Sit down, you're in for a treat Guys and Dolls - the very mention of the show is enough to conjure up happy images from the silver screen.
Vivian Blain singing A person can develop a cold in Adelaide's Lament, stubby Kaye as Nicely-Nicely Johnson singing Sit Down, You're Rockin' the Boat, Frank Sinatra as Nathan Detroit, outsinging Marlon Brando as Sky Masterson. It wasn't hard to do that - Marlon Brando really wasn't known for his singing abilities.
And that was just the film. Guys and Dolls was originally a Broadway musical and has been revived many times on Broadway, in the West End, the National Theatre and elsewhere (with more songs than the film). It's a delightful musical with a large cast which makes it especially suitable for amateur theatre companies, especially those that where the term amateur refers mainly to the fact that the cast and crew are not paid. I am thinking in particular here, of the excellent Basingstoke Amateur Theatrical Society (BATS) whose production of Guys and Dolls is currently showing at The Haymarket Theatre in Basingstoke.
It is a production to draw the crowds in, something that is important in these economically interesting times, and it is also a production to brighten winter days. Ultimately it is a production to recommend.
The plot is as daft as that of any musical. It involves the unlikely pairing of the 1950s New York gambling community and the Save-A-Soul mission. Nathan Detroit needs $1,000 to put on a crap game, he bets Sky Masterson $1,000 that he can't take Captain Sarah Brown from the Save-A-Soul mission to Havana the next night, and the result is a lot of colourful singing and dancing, comedy and two people falling in love. Added to this is Nathan's attempts at avoiding Adelaide's attempts to marry him. She wins.
Guys and Dolls is both a great show for amateurs to stage, and a difficult one, for it has been done by so many great names in the past and therefore comparisons are bound to be drawn. Fortunately BATS has done a good job here. They have thrown themselves into it with a mix of enthusiasm, enjoyment and hard work which, has paid off.
The show opens witb a scene which must have been complex to choreograph but which sets the tone for the show - plenty of people, plenty of colour, comedy, slick dancing and robust, tuneful singing. The men were particularly strong singers, occasionally drowning out the women who, on the opening night at least, took a little while to grow in confidence. Larger-than-Iife characters emerge Harry the Horse (with a neigh which grated horribly), Lieutenant Brannigan, Benny Southstreet (who was uncommonly like Benny the Ball from Top Cat), Nicely-Nicely Johnson (there was a cat in Top Cat called Fancy-Fancy, might they perhaps be related? I think we should be told), and Nathan Detroit. Then along comes Sky Masterson.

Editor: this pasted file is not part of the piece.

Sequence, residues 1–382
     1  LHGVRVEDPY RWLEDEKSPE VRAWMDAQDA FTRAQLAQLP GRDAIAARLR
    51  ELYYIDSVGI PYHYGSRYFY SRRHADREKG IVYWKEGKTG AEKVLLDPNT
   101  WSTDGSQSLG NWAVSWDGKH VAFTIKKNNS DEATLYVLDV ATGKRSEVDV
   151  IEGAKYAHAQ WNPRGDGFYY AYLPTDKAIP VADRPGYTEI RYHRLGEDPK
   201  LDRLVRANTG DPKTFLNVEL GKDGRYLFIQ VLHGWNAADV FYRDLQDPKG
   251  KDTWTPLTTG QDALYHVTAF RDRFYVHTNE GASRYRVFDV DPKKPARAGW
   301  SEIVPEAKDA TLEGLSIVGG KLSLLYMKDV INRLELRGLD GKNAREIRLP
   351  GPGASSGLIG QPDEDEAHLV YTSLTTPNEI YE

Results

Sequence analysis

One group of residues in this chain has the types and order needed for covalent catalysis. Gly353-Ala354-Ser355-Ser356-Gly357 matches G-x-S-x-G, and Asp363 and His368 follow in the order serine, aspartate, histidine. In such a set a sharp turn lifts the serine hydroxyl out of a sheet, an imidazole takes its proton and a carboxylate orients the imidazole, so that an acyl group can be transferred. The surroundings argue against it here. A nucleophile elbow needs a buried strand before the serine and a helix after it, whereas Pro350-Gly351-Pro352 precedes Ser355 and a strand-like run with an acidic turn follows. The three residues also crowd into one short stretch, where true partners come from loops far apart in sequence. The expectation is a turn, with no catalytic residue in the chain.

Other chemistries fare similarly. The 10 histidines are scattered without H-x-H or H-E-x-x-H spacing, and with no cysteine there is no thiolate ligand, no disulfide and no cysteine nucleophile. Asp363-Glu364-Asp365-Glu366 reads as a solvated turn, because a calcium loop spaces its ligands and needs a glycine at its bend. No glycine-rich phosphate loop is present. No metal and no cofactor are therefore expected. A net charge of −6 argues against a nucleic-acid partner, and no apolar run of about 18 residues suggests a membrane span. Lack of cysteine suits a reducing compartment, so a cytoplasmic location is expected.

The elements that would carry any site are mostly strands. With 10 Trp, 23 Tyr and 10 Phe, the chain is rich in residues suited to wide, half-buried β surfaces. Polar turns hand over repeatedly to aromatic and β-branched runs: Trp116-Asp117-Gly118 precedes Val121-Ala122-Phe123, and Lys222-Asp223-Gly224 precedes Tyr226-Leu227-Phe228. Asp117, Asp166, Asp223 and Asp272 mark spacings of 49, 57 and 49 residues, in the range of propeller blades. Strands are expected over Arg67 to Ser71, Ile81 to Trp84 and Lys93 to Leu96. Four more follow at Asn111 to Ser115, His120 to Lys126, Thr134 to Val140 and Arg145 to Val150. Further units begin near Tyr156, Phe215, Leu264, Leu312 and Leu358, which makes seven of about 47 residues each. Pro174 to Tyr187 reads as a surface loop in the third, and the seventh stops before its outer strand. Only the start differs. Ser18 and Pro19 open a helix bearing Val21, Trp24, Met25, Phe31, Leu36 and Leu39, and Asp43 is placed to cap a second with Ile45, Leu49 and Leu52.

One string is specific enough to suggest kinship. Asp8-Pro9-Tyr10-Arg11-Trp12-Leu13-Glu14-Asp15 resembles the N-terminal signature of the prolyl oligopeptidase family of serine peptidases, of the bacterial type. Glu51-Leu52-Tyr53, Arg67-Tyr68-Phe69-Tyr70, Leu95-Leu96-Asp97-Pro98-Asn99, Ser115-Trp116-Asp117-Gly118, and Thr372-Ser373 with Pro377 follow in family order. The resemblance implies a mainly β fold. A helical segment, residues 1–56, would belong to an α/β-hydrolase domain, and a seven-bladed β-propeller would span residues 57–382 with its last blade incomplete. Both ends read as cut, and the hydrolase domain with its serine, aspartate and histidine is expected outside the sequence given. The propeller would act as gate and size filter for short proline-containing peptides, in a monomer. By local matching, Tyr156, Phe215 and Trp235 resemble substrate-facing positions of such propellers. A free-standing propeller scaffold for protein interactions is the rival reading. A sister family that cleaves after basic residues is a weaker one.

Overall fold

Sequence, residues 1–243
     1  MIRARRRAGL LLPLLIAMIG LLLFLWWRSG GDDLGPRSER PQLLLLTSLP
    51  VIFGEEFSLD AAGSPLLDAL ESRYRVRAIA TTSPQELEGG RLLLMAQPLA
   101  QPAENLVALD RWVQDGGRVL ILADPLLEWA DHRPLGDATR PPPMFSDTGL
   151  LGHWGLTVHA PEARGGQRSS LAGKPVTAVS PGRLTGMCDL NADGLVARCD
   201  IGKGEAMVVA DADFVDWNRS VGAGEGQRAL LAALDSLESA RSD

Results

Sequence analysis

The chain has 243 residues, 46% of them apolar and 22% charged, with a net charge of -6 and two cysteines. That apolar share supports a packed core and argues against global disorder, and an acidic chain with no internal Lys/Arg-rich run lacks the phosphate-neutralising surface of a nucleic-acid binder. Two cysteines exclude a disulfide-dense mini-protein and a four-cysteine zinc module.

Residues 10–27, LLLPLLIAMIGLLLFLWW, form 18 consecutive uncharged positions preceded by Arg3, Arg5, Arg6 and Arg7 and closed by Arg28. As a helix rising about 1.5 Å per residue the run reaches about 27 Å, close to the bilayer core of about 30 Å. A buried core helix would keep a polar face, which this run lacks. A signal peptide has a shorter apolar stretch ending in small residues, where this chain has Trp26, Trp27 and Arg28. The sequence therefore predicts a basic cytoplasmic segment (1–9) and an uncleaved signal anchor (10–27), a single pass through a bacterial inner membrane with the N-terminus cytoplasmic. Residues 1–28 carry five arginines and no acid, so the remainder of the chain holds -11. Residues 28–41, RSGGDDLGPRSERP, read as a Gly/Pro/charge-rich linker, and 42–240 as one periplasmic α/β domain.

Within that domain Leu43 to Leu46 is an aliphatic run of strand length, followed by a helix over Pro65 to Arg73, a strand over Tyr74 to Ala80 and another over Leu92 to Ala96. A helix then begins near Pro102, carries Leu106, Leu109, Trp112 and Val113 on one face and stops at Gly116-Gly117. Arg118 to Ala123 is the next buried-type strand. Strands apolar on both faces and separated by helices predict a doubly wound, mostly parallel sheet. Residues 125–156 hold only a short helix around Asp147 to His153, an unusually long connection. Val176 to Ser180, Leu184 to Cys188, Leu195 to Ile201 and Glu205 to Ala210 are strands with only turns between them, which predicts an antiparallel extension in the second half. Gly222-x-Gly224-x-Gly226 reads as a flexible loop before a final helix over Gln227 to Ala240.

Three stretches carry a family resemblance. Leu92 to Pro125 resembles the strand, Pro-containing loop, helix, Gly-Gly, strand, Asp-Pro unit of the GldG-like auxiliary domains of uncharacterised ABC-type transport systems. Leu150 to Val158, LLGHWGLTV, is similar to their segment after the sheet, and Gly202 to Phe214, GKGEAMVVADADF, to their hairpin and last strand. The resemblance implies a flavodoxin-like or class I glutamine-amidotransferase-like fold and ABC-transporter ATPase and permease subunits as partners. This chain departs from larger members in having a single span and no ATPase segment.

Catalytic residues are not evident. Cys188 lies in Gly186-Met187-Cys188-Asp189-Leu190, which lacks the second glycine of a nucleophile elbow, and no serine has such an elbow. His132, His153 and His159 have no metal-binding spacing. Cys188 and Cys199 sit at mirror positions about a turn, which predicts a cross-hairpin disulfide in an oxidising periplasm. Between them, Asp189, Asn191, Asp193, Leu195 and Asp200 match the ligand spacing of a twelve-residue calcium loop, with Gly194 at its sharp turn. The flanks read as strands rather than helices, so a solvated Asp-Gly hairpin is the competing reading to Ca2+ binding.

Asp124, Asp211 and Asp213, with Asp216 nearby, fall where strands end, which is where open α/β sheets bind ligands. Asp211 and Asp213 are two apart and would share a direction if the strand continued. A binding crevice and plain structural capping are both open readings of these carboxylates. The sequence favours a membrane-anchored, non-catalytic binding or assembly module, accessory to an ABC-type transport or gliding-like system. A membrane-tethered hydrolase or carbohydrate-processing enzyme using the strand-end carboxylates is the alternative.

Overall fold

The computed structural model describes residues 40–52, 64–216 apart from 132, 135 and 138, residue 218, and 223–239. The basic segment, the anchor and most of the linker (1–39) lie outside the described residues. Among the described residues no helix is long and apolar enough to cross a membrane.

While all the cast are important, there are four central characters: Nathan and Miss Adelaide, Sky and Sarah Brown. They are where the love interest and the main challenges lie. They are wonderful roles and the four who played these roles stepped up to the mark. Theresa Lunn was a pure and clear Sarah Brown and had particular fun in the Havana scene where she looked like a tipsy member of the Women's Institute. Her voice was a little too light opera to be entirely satisfying for this part but she was still enjoyable.
Stephen Westwood as Sky Masterson did not have quite the presence of, say, Marlon Brando, but my did he have a much better voice. The chemistry also sparked between him and Theresa. Liz Ilett was a poignant, sweet, funny, sassy Miss Adelaide - just as she should have been and Martin Webb as Nathan Detroit was a loveable rogue with a great sense of humour and excellent timing. For me be was the star of the show, though David Scanlan as Nicely-Nicely was also shining extra bright in the firmament when he sang Sit Down You're Rocking the Boat.
It took a while for the cast to get the pace right and there were a few long pauses while scenes were changed, but I saw this on the opening night where there can still be a few uncertainties. Overall it was an energetic, fun, slick performance with a set and costumes which could rival professional productions, and an orchestra which deserved the hearty applause it received.